Today I am sharing a new video of my poem, The Last Hours, published in my most recent poetry collection, ‘You Better Be Lightning’. As this newsletter will mostly discuss the final words of that poem, I’m going to suggest you watch the video first so I can avoid being my own spoiler. I’ll pause for a minute to let you do that.
Ok, I’m back! Wow, did I miss you! I hope you enjoyed the poem as it’s one of the more tender pieces I’ve written in my life. I don’t have the best memory but I recall every detail of that night in 2005. I sat in that summer garden listening to my new girlfriend describe her grandfather’s last words––how he had nothing to say except, “love, love, love, love, love…” On the precipice of death, a man I’d never met spoke the words that reminded me what was most important in life. It was everything. It was everything in the world to hear that, and I’ve no doubt it inspired the writing of the line, “Everything but I love you is small talk.”
People have argued with me about that line over the years. But their arguments tend to always support my point. Most of the time what people feel is important to say in addition to ‘love’ is also something loving. Even if it’s angry. For example, “LGBTQ people demand equal rights!” is often spoken with a lot of anger, but that kind of anger is, of course, love.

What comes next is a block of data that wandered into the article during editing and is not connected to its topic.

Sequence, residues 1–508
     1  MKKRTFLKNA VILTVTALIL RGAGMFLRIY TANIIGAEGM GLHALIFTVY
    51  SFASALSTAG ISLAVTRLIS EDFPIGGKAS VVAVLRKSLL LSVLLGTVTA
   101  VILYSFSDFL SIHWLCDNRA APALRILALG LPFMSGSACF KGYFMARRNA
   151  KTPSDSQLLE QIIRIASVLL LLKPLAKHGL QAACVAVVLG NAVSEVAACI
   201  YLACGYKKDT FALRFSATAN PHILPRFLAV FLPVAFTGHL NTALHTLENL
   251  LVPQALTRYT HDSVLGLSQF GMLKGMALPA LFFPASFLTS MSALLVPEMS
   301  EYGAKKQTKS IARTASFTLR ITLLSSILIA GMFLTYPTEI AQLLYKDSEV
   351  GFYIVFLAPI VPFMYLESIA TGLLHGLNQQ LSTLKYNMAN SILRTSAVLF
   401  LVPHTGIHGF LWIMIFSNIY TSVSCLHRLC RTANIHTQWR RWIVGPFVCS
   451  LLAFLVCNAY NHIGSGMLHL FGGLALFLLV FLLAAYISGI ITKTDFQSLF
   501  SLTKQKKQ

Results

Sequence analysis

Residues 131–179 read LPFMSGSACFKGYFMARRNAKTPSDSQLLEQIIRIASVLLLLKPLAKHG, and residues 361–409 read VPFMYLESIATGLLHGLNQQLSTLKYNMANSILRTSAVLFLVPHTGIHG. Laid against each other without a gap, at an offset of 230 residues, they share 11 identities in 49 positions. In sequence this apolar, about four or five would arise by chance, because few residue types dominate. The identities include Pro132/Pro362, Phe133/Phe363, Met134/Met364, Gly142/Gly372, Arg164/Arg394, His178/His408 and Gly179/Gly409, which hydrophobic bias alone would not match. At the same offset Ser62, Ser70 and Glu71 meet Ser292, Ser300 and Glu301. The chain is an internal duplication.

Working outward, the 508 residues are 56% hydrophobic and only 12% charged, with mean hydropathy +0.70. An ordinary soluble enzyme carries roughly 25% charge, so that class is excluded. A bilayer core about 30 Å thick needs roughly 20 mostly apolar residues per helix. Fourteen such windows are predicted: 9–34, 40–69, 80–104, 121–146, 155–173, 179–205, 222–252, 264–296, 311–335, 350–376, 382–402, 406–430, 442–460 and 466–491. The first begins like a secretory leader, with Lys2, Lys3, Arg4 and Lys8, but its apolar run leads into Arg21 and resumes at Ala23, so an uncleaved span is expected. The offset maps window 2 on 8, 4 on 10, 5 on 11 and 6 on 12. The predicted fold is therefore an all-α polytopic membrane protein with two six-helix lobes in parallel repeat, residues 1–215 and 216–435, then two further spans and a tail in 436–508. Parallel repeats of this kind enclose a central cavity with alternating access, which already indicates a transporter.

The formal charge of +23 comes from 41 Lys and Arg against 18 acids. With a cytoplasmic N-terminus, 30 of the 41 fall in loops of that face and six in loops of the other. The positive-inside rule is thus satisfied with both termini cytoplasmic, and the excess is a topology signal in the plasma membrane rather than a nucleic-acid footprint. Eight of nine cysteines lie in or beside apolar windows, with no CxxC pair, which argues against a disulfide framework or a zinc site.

As I was sitting with this poem today, I got curious about other people’s last words and went on an internet expedition in search of some loveliness I could send your way. Here are some of my favorite last words that are currently cuddling my heart.
“You are wonderful.”
“I’ll finally see Marilyn.”
And just to end on a light note–
“Damn it! Don’t you dare ask God to help me!”
Oh Joan, I hope god and whatever else is out there helped you anyway. And thank you for the laugh. I cherish reading people’s last words because they are often very clear roadmaps for living. Couldn’t we all be guided by what we expect we might say if we had only a second left to say it? Since my cancer diagnosis this question never leaves me. I find I have a lot more to say that is loving than I had before. To paraphrase Michael Singer—I want every moment that passes in front of me to be better because I was there. And the way I’ve found to do that is to speak as much as I can from a place of love.
And I truly love that the final words of my longest book are, “I’ve written so many poems in my life. And every single one of them was just trying to find a better way to say what one soul said to another soul with one word. Isn’t it amazing that I came up so short? Isn’t it everything that I tried so hard and failed to write a single thing more beautiful than ‘love’?”
May all the sweetest words find their way to you today.
Forever & Ever,
. . . .